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Премия рунета 2017

The first baby storks born in the Amur River Basin

03 may 2020
On May 2, the first baby storks appeared in one of the nests of the Oriental stork in Amurskaya province. This moment was captured by WWF’s online cameras. The most important time has begun for storks in the Amur basin raising and feeding offspring.

Our storks have already survived the March fire and the April snowfall, and now with the help of web technologies we can track whether all the chicks are born and how they grow. These wonderful moments can be observed online on the AmurInfoCenter, the web portal of the Amur-Heilong Ecoregion.

The first baby storks born in the Amur River Basin
WWF Russia

The newborns were hatched in a nest located on the support of an inactive power line near the village of Tambovka. This year, stork families in all 4 nests monitored by online cameras installed in Amurskaya province by WWF Russia and NGO AmurSEU demonstrated a record number of eggs in a laid. 5 in each nest on the tree in the Beryozovsky Refuge and in two nests on the poles of power lines near the village of Tambovka, and the absolute record - 6 eggs in the nest on the artificial tripod in the Beryozovsky Wildlife Refuge. According to WWF experts, these indicators reflect the general favorable situation with the stork in the Amur basin. The results of surveys conducted in mid-April in model territories using drones showed a 1.5-fold increase in the number of breeding pairs and eggs in the nests of Oriental stork in the Amursky, Beroyzovsky and Muravyevsky Wildlife Refuges.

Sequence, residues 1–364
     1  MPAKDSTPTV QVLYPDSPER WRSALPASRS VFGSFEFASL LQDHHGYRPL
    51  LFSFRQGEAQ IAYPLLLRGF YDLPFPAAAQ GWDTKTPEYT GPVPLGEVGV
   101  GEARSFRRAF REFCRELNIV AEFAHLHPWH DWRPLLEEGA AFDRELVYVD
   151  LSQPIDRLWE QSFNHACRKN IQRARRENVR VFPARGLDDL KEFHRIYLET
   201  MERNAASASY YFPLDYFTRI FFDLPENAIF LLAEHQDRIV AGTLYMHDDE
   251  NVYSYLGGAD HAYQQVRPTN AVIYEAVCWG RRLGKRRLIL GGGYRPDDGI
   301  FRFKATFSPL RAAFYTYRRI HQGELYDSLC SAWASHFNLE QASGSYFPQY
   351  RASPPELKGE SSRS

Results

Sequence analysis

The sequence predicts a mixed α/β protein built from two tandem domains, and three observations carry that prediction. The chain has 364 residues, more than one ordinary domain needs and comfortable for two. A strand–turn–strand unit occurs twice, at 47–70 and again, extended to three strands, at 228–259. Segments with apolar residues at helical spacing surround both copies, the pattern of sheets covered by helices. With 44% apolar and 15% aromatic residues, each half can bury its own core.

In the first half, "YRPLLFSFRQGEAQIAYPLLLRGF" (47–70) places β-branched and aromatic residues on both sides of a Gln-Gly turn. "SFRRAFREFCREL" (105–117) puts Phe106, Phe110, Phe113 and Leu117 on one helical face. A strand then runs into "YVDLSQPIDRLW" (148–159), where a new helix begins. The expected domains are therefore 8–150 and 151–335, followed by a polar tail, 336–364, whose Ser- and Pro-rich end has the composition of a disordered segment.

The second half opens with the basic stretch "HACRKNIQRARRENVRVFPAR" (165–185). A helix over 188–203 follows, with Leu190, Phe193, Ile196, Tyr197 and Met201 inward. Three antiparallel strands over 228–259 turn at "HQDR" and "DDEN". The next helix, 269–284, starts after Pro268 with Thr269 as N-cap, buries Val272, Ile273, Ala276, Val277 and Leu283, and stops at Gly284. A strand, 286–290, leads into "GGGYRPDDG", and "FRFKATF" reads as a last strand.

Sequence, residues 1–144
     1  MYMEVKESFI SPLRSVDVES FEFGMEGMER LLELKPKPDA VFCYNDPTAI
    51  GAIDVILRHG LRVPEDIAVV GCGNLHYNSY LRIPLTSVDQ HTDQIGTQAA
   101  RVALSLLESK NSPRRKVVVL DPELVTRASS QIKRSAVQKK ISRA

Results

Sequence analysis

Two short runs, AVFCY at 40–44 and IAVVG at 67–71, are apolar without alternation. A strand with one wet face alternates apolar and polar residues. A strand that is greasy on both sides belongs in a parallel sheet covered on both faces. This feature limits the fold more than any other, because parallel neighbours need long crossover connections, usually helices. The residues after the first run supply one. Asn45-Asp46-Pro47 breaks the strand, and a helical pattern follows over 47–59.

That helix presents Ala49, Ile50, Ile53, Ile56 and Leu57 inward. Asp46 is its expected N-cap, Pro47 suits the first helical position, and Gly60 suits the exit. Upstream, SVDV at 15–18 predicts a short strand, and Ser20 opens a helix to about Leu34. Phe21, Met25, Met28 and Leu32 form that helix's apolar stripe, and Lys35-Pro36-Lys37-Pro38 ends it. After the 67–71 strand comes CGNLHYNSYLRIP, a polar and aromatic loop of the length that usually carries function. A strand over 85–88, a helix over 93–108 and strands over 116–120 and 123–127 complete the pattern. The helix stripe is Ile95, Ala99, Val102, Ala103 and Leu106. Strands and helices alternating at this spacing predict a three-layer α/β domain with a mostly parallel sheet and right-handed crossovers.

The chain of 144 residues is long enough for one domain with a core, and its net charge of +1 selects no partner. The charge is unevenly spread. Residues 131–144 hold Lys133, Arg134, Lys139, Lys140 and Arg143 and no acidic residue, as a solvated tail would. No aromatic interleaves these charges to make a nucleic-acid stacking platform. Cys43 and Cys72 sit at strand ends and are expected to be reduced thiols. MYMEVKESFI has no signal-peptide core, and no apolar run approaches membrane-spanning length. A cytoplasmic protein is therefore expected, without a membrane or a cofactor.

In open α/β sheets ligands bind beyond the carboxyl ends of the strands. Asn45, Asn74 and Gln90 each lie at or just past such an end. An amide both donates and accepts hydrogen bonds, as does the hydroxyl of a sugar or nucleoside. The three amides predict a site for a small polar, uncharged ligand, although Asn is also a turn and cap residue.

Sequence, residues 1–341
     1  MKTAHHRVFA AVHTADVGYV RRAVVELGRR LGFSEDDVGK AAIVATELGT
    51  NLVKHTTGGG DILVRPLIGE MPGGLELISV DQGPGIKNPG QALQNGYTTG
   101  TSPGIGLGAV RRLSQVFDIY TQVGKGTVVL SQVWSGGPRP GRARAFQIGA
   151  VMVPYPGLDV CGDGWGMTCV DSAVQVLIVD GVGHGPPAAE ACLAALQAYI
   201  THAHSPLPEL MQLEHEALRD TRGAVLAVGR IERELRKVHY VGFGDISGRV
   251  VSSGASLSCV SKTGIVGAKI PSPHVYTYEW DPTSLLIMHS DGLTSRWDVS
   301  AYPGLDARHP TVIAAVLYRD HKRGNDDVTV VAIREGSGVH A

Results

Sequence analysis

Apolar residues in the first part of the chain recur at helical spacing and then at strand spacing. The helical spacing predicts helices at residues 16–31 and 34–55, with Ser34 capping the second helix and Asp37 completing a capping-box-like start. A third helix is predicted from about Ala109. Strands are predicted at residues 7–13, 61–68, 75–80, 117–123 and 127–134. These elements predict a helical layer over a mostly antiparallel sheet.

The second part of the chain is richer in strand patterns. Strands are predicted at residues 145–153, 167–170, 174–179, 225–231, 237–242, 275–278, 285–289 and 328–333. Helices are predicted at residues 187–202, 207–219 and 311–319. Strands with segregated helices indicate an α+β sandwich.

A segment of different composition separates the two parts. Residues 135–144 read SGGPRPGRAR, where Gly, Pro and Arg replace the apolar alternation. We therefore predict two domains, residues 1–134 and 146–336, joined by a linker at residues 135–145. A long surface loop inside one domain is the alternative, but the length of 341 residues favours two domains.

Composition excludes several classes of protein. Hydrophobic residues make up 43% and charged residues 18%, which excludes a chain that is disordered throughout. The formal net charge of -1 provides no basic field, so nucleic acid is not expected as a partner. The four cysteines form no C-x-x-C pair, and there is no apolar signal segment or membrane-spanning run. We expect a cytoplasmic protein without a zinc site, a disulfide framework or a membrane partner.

According to Anna Serdyuk, PhD, senior project coordinator on protected areas of WWF Russia Amur Branch:

“The appearance of offspring is the most critical time for all creatures on the planet. And nature strikes with its wisdom. Observations show that the birds understand how many chicks they can raise and feed, and, depending on the forage capacity they regulate the number of eggs in a clutch. In rich moist years, when there is enough food, there are more eggs. If the food supply is poor and the bird density is large, then 1-3 eggs is considered normal. Baby storks are usually hatched one after another, the first chick that is born is usually larger than the others. The chicks come out of the egg eye-sighted, covered with grayish-white fluff, but they are not able to feed themselves therefore they stay in the nest until they learn to fly”.

According to Anna Serdyuk, this year’s baby boom makes us pay special attention to protection of the forage base of the Oriental stork from “fish” poaching and the impact of agriculture, to studying the forage capacity. It’s also important to protect the existing nests from fires as well as expanding the nesting range of the Oriental stork by installing artificial supports outside the model territories, based on the results of the study.

For additional information please contact
Project Coordinator